Simon lab develops technique for observing promotor-proximal pausing kinetics

October 4, 2021

The Simon lab in collaboration with the Steitz lab recently developed a new technique and published their findings in Molecular Cell. The technique, Start-TimeLapse-seq (STL-seq), is a method that captures the kinetics of short, capped RNA turnover. Using STL-seq, the Simon lab was able to determine the effects of pausing kinetics on transcriptional control.

During transcription, RNA polymerase II (RNA Pol II) must copy DNA to make RNA which is then later used to make protein. This process usually happens rapidly, but the cell can also control if the RNA Pol II starts creating RNA through a process called ‘promoter-proximal pausing.’ This pausing is where the RNA pol II stalls 20-60 bp downstream of the transcription start site and forms a complex with a short nascent transcript on the chromatin. In order for transcription to proceed, the RNA Pol II has to be released from the promoter-proximal pausing site so it can continue into the elongation step of transcription. Previous studies have shown, though, that not all paused RNA Pol II molecules are released, and some RNA Pol II molecules are prematurely terminated and removed from the DNA.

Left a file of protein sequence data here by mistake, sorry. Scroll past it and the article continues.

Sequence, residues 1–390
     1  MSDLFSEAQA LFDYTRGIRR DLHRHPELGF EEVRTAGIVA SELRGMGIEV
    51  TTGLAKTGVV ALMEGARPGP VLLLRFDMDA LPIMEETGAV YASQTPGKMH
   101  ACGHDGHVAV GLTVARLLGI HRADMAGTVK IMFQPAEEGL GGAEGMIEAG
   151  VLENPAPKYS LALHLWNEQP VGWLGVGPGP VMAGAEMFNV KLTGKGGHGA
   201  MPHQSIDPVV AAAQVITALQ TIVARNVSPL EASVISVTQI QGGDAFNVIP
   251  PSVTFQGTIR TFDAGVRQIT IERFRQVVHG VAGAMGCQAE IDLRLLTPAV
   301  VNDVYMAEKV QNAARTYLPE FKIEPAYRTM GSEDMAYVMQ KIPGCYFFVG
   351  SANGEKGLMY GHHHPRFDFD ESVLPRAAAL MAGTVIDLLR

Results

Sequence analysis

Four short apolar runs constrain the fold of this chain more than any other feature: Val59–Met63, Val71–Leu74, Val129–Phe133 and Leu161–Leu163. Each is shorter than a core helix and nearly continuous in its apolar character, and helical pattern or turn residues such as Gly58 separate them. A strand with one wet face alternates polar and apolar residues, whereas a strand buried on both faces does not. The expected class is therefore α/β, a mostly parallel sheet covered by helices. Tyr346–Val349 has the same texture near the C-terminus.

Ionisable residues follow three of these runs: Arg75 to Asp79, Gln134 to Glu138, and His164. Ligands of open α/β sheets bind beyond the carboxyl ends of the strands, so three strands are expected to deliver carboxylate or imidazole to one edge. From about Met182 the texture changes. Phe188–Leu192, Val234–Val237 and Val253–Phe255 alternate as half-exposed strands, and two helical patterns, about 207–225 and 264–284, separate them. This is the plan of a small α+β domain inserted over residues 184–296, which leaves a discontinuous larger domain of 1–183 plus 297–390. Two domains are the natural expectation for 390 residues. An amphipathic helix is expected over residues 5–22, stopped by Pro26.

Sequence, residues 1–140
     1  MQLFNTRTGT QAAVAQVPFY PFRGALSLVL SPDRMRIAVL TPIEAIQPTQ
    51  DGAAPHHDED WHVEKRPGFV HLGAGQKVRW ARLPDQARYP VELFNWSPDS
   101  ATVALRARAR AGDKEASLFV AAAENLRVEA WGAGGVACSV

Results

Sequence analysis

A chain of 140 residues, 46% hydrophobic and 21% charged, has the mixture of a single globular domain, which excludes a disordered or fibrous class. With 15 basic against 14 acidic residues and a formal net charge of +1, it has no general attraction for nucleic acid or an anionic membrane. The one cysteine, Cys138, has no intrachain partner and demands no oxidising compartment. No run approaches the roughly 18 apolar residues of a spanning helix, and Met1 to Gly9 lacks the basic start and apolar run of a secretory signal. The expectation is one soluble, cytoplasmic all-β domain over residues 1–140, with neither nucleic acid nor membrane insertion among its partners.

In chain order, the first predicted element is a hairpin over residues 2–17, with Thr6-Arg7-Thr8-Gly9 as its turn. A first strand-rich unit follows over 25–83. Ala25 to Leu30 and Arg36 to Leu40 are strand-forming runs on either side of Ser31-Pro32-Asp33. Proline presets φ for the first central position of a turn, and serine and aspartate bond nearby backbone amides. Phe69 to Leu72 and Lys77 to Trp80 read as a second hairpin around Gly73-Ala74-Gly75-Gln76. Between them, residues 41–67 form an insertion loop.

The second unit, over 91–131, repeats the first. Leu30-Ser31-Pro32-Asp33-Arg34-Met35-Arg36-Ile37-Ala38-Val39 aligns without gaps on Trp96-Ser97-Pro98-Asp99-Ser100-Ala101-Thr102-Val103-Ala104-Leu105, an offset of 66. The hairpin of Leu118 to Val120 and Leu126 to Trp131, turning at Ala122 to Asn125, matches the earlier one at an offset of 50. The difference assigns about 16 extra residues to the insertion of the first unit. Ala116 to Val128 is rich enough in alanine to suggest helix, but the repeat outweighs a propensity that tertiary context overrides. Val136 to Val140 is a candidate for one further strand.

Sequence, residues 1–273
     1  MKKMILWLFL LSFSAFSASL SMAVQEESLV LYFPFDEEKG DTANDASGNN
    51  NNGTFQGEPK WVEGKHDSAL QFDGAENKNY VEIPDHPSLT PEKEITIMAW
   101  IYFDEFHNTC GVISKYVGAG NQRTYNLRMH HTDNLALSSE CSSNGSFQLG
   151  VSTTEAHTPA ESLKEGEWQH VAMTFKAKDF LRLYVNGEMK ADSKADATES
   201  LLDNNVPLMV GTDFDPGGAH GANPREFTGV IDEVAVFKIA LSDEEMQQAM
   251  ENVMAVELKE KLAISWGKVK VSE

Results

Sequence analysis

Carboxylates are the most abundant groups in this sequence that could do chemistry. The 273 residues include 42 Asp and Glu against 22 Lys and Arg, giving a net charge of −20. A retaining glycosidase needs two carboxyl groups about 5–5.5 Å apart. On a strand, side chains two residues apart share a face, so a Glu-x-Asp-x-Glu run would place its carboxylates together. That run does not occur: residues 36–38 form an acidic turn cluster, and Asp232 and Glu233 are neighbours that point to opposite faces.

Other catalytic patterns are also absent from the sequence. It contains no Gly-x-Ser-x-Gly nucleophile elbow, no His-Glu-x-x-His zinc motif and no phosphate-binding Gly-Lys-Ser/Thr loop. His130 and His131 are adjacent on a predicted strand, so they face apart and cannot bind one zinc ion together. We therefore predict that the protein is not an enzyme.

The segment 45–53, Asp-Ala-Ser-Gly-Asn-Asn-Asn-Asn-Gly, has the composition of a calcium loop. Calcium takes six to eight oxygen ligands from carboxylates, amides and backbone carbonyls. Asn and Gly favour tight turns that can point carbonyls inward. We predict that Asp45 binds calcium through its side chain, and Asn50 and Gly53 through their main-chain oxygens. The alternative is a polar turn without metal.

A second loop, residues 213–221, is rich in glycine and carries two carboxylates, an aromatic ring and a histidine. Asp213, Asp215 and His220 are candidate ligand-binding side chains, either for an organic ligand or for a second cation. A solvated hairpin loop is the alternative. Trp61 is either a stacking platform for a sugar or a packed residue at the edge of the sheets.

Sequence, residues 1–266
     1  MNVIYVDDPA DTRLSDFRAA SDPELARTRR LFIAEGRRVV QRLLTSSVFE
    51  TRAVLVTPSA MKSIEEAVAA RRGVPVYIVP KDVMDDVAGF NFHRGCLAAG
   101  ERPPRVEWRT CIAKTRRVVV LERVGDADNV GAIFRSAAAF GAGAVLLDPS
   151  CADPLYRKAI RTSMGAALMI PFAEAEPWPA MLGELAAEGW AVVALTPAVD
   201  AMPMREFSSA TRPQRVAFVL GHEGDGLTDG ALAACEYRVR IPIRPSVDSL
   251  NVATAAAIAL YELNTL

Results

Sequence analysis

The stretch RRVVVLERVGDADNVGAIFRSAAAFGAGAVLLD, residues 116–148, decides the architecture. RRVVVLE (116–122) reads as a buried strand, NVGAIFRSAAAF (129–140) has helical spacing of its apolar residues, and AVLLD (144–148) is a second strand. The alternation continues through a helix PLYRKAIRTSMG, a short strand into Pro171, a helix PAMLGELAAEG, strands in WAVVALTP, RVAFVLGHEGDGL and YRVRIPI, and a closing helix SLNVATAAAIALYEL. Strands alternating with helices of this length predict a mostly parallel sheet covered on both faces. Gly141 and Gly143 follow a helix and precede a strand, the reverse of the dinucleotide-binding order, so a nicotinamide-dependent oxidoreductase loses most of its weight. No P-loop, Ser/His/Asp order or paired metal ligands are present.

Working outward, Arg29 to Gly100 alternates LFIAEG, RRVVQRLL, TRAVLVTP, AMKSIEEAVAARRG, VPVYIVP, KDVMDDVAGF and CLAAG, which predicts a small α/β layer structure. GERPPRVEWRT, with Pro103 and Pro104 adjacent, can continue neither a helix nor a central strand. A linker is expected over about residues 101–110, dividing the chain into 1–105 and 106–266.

While this regulatory process is critical to cellular function, the kinetics of the promoter-proximal pausing has not been well characterized due to technical limitations. However, the STL-seq technique developed by the Simon lab allows for the kinetics of the pausing to be observed. The Simon lab made many interesting discoveries with this STL-Seq such as the fact that four of five initiated transcripts are terminated at the pause site on average. They also found that pause-release rates can be highly variable, but overall turnover is similar between species suggesting that pausing mechanics could be conserved across metazoans.

This new method will be critical to better understanding the regulatory functions of proximal-promotor pausing and overall transcription regulation.

Read the full article in Molecular Cell:

By Jake Thrasher